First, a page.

Boo! Halloween is here. This Saturday actually. It can be fun but also dangerous especially for little kids. Health experts therefore give us some tips (from the American Academy of Pediatrics) on how to keep our little ones happy and healthy during this fun and spooky occasion. However, the tips can apply to adults as well.
- Costumes should be visible – “bright and reflective”. All the better for motorists as well as supervising adults to see.
- Avoid costumes/shoes that can cause tripping, entanglement, or asphyxiation.
- Masks can obscure vision. Hats shouldn’t slide over the eyes. Face faints can cause allergic reactions (check out US FDA warning in face paints below).
- Because masks can limit or block eyesight, consider non-toxic makeup and decorative hats as safer alternatives. Hats and wigs should fit properly to prevent them from sliding over eyes.
- Costumes, wigs and accessories should be flame resistant. Check the labels.
- Accessories such as a sword, cane, or stick shouldn’t be sharp, too long, or cause the child to trip.
- Small children should never carve pumpkins according to the AAP. They can draw the faces on the jack-o-lanterns but adults should do the cutting.
- Use votive candles for candle-lit pumpkins.
- Candlelit pumpkins should be placed on a sturdy table, away from curtains and other flammable objects, and should never be left unattended.
- Avoid decorations that may be a fire hazard. Garlands can cause entanglement and choking.
On home safety:
- Remove from the porch and front yard anything that trick-or-treaters could trip over such as garden hoses, toys, bikes, garbage cans, and lawn decorations. Clearly mark or temporarily fence off ponds. Parents should check outdoor lights and replace burned-out bulbs.
- Wet leaves are slippery and should be swept from sidewalks and steps.
- Restrain pets, especially dogs so they do not inadvertently jump on or bite trick-or-treaters.
- Lock up if you aren’t home at Halloween.
On the trick-or-treat trail:
- An adult should always supervise young children on their neighborhood rounds. There is no age limit but parents should know when their kids are ready to go alone or not.
- Use flashlights with fresh batteries for all children and their escorts.
- Teach children how to call somebody, be it 9-1-1, the local emergency number or their parents in case they have an emergency or become lost.
- If older kids are going alone, plan and review the route that you feel is safe and emphasize that they should stick to the route, just in case you need to find them. Agree on a specific time when they should return home.
- Only go to houses with a porch light on and stay on the porch. Tell the kids never enter a home or car for a treat.
- Trick-or-treaters should stay together in a group.
- Carry a cell phone and important numbers for quick communication.
- Walk on the sidewalks and go on well-lit streets only. Don’t take shorts or cut across yards or use dimly lit alleys. Cross only on crosswalks.
- Watch out for motorists.
- A good healthy meal before trick-or-treating will discourage kids on gorging on their booty.
- Think about treats that can be alternative to sweets: sugar-free candies, whole grain cookies, little toys.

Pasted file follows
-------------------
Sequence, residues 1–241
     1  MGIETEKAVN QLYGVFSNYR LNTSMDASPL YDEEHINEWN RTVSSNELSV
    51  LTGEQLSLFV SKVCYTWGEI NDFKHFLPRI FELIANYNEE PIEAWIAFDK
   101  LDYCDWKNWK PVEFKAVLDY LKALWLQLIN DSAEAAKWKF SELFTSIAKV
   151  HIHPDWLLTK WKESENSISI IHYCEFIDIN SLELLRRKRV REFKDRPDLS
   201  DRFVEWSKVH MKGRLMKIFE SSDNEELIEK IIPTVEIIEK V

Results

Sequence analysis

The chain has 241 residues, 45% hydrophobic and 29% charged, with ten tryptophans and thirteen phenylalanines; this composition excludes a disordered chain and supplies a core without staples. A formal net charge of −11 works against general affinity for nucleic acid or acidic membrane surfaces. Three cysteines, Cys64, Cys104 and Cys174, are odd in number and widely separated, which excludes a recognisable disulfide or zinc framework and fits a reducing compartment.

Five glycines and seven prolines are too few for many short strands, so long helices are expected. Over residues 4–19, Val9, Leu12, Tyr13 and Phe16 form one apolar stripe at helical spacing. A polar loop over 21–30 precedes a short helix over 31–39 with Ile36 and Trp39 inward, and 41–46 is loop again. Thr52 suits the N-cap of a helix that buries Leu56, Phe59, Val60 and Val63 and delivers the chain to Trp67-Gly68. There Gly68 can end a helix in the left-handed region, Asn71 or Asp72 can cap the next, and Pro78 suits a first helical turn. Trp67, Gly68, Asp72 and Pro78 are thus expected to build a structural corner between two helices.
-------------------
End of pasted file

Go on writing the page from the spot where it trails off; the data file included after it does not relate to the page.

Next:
- Advice kids not to eat any sweets until you’ve checked them out. Throw away any spoiled, unwrapped or suspicious items.
- Pay attention especially if your kids have allergies. Check out the labels for undesirable ingredients.
- Try to ration the sweets over several days.
On face paints:
Check out what the US FDA has to say about face paints and theatrical make up:
- Follow all directions carefully.
- Don’t decorate your face with things that aren’t intended for your skin.
- If your face paint has a very bad smell, this could be a sign that it is contaminated. Throw it away and use another one.
- Like soap, some things are OK on your skin, but not in your eyes. Some face paint or other makeup may say on the label that it is not for use near the eyes. Believe this, even if the label has a picture of people wearing it near their eyes. Be careful to keep makeup from getting into your eyes.
- Even products intended for use near your eyes can sometimes irritate your skin if you use too much.
- If you’re decorating your skin with something you’ve never used before, you might try a dab of it on your arm for a couple of days to check for an allergic reaction BEFORE you put it on your face. This is an especially smart thing to do if you tend to have allergies.
- [Check] the list of ingredients on the label. Look for the names of the colors. Then check the Summary of Color Additives on FDA’s Web site. There’s a section especially on colors for cosmetics. If there’s a color in your makeup that isn’t on this list, the company that made it is not obeying the law. Don’t use it. Even if it’s on the list, check to see if it has FDA’s OK for use near the eyes. If it doesn’t, keep it away from your eyes.
- [Pay attention to] fluorescent colors [especially those which contain] D&C Orange No. 5, No. 10, and No. 11; D&C Red No. 21, No. 22, No. 27 and No. 28; and D&C Yellow No. 7.None of them are allowed for use near the eyes.
- Don’t go to bed with your makeup on. Wearing it too long might irritate your skin, and bits of makeup can flake off or smear and get into your eyes, not to mention mess up your pillow and annoy your parents. How you take the stuff off is as important as how you put it on. Remove it the way the label says.
And don’t forget to have fun!
Photo credits: stock.xchng